Max Schultz plays Coltrane – TMcCD 027

Guitarist Max Schultz, together with three of his equally outstanding colleagues specially chosen for this production, pays tribute to one of his greatest inspirations, John Coltrane. The repertoire consists of ten compositions that Coltrane wrote and recorded for Atlantic and Impulse from 1959 until 1965, plus two originals by Max.

I remember the first time I heard John Coltrane. It was when my mother was playing the album “A Love Supreme” and I was the age of seven or eight. I was immediately taken by the expressiveness and beauty of the music. I had not yet started playing the guitar but almost ten years later I went with my father to a jam session and in the break someone put on “Live At Birdland”. What incredible energy! I went and bought the record immediately, as well as “Giant Steps”, and tried to transcribe what I heard. “Naima” was one of the first tunes I worked on, and also “Spiral” and “Afro Blue” were tunes I learnt.

When I was asked by Laila and Charles Gavatin to make a CD for Touché Music I asked myself: Who has most inspired me since I first began playing? Coltrane of course! On this CD I have tried in my own way to play what I believe I have learnt from John Coltrane, and in the company of musicians who I have long admired but with whom I have seldom had the opportunity to play. My sincere thanks to them and everyone who has made this recording possible.

Max Shultz
Translation: Dave Castle

John Coltrane was born in 1926 in North Carolina. Lester Young and Charlie Parker were early influences but he made his debut as a professional musician in different rhythm’n’blues bands. From 1949 until 1951 he played with Dizzy Gillespie, both with his big band and later with his smaller groups with which he made his first commercial recordings.

For a wider jazz public Coltrane begins to attract attention when he becomes a member of the Miles Davis Quintet in 1955. His style of playing in the beginning is controversial but he quickly develops during his years with Miles. By 1958 he has originated a very personal tonal language that in time develops even more to become stylistically influential throughout the whole jazz idiom. His way of compounding very fast and well-articulated phrases as tight groups of notes in every chord change is unique. His instrumental expression ranges from an intimately beautiful tone in ballads to intensive explosion-like waves of energy where the sound capacity of the instrument is stretched to the utmost limits. From the later half of the ’50s Coltrane’s work is richly documented in classic recordings with, above all, Miles Davis but also with, among others, Thelonious Monk. He also records many sessions for the Prestige label either in his own name or as a sideman. In 1957 he records the album Blue Trane for Blue Note, which becomes a milestone in his career and establishes him also as a distinctive composer. On 4th of May 1959 soon after making the historic Kind of Blue album with Miles Davis he records six titles in his own name for Atlantic, making what was to be another classic album in jazz, Giant Steps. One of these titles was Spiral. A seventh title, Naima, was added to the album from a later session on 2nd December of that year. Next year on 24th October 1960 Coltrane records many more titles for Atlantic that were spread over different LPs, one being Coltrane Plays The Blues. Two of his originals were Central Park West and Mr Syms, by which time he had started to play soprano sax in addition to the tenor.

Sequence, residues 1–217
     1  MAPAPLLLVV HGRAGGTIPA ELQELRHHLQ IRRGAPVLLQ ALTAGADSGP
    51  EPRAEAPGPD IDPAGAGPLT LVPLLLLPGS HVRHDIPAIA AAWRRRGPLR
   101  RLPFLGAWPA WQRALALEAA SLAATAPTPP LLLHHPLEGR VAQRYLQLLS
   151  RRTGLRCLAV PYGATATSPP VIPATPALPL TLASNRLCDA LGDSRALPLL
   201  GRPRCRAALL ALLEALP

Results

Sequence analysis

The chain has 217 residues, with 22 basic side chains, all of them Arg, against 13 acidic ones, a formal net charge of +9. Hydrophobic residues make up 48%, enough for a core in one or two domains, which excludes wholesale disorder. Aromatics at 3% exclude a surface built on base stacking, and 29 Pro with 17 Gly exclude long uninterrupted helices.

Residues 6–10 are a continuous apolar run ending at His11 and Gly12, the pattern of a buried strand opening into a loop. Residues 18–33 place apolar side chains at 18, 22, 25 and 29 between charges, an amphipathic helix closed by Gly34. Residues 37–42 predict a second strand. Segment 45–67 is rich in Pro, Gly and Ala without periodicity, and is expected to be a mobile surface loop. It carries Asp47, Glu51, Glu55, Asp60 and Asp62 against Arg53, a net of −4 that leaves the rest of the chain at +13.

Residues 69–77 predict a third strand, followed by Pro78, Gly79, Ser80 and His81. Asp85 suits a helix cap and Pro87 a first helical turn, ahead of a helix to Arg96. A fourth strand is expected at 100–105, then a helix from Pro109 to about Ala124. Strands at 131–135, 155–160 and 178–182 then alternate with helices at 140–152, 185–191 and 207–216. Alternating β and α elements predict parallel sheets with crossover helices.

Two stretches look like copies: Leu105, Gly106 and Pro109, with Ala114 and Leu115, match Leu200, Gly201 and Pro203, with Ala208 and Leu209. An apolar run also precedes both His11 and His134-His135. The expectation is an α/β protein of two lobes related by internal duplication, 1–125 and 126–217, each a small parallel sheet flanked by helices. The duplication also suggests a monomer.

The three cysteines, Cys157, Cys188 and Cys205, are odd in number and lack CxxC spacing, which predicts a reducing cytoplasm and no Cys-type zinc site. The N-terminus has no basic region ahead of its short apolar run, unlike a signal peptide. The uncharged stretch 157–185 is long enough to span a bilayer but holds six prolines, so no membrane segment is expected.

In the mid-’50s Coltrane was deeply involved with drugs, a habit that he succeeded in overcoming. When he leaves Miles’ band in 1960 to form his own quartet his technique is virtuosic and he also has a musical vision that he develops with uncompromising logic. Coltrane’s music now often contains noticeable religious overtones and the traditional forms and harmonic sequences of jazz, which he so fully mastered, give way for more modal structures. In 1961 Coltrane has begun to make albums for the Impulse label and After The Rain comes from a session 29th April 1963. Later that year on 8th October, he records Afro-Blue live from Birdland with his classic quartet of McCoy Tyner, Jimmy Garrison and Elvin Jones. In the summer of 1964 he records what many consider one of the most cohesive and interesting of Coltrane studio albums, Crescent. From that album come the three titles Wise One, Lonnie’s Lament and the title track Crescent. Elements of Asiatic and African music cultures become more and more prevalent in his music. Welcome was recorded by Coltrane on 28th June 1965 and represents one of his later works. At the time of his passing on 17th July 1967 Coltrane’s music has travelled through a metamorphosis from hardbop to free collective improvisation, all played with masterly instrumental control and totally convincing artistic integrity.